Jack Scott

Baby She's Gone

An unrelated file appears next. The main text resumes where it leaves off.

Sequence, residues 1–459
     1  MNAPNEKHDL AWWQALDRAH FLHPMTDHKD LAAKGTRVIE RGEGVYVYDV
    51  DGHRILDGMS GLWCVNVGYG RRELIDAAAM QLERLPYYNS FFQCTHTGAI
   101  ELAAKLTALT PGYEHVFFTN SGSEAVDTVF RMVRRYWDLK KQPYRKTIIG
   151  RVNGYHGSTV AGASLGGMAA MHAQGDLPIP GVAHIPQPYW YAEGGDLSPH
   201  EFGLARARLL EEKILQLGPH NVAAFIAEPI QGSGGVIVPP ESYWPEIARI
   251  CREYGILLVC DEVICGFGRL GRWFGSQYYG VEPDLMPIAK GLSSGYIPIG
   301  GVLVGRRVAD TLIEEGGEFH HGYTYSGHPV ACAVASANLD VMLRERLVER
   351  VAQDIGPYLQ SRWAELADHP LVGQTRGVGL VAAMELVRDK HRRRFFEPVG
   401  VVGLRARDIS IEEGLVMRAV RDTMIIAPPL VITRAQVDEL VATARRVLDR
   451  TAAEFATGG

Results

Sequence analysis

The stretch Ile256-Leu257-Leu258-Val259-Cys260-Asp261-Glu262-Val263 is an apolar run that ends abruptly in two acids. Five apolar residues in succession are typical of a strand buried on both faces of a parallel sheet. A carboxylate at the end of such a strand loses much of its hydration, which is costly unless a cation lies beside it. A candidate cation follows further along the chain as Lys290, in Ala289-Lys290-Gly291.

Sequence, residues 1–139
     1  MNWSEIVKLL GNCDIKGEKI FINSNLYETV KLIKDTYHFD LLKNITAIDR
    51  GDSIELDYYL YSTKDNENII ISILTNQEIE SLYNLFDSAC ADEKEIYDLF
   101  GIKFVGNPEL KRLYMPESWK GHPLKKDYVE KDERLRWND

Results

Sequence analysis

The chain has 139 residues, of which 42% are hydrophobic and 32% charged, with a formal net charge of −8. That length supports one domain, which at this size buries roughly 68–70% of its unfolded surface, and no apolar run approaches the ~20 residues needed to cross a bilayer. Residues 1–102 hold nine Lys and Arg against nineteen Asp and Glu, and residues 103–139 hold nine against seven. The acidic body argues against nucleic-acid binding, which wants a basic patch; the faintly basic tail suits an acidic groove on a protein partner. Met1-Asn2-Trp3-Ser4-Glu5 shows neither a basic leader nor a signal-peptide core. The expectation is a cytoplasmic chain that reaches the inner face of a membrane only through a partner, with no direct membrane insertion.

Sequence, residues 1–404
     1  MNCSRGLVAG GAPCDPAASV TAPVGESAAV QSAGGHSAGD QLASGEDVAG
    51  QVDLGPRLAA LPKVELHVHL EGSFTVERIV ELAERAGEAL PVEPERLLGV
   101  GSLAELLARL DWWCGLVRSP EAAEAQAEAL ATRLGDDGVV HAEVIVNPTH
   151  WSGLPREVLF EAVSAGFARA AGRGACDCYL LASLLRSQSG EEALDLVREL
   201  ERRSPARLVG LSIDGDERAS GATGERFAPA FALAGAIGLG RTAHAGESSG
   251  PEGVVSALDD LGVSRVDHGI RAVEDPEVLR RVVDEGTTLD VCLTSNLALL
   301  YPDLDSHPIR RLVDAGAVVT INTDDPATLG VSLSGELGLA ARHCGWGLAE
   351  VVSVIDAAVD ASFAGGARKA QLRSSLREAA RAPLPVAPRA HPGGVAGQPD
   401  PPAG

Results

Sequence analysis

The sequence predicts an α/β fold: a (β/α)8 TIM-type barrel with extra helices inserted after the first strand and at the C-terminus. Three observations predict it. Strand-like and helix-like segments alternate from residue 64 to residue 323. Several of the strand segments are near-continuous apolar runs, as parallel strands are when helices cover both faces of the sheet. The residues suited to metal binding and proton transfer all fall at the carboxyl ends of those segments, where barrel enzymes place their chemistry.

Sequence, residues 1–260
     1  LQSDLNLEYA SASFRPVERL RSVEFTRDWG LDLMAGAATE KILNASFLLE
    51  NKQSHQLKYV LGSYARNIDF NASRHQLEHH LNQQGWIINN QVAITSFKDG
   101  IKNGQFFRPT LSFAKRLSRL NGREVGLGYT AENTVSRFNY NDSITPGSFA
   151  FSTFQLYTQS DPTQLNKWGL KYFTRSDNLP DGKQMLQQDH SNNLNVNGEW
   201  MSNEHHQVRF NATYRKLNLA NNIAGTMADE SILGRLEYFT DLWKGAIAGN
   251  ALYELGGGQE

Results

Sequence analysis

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Of all the early rock & rollers, Jack Scott was one of the hardest to pigeonhole. Lacking the matinee-idol good looks of either Elvis Presley or Ricky Nelson, he nevertheless would occasionally tread on the orchestrated, chorus-heavy pop crossover that brought big hits for both, particularly as rock & roll faded into the background in the early '60s. But before that, he was a tough, muscular rock & roller, with a haunting melancholy streak, and he wrote classics to fit both sides of his personality -- "The Way I Walk," "Leroy," and "Baby She's Gone" on the former, "Goodbye Baby" and "What in the World's Come Over You" on the former. These sides, all recorded in the late '50s, are at the core of his legacy and cult following (still active at the turn of the new millennium in the U.K., where early rock & rollers are always given more respect than they are in their homeland), but the work that he did once he drifted toward pop was always interesting, often good, not least because he had a surprisingly supple and versatile voice, but because he varied his material. He often drew on gospel -- he did so even in his rockabilly days -- and there were elements of high lonesome country in those lush, layered pop arrangements, and even when the pop was a little corny, he sang exceptionally well. All this is chronicled on Castle's 2003 double-disc compilation Baby She's Gone, the first concise overview of Scott's classic work (Bear Family did release a five-disc box called Classic, but it's too much to digest for anyone not deeply into late-'50s/early-'60s American popular music). Spanning 50 tracks and all his labels from ABC/Paramount to Groove, there is nothing major missing and there's plenty to treasure here, even if it is a bit much for those looking for nothing but the aforementioned singles, which are all featured by the end of the first disc. Nevertheless, given the lack of serious, comprehensive Scott collections on the market -- prior to this, it was either a budget-line comp or the Bear Family box -- it's easy to recommend this as both a summary and introduction since it tells his story completely and enjoyably. Plus, anybody who loves the rocker on disc one can choose never to spin the second disc a second time.

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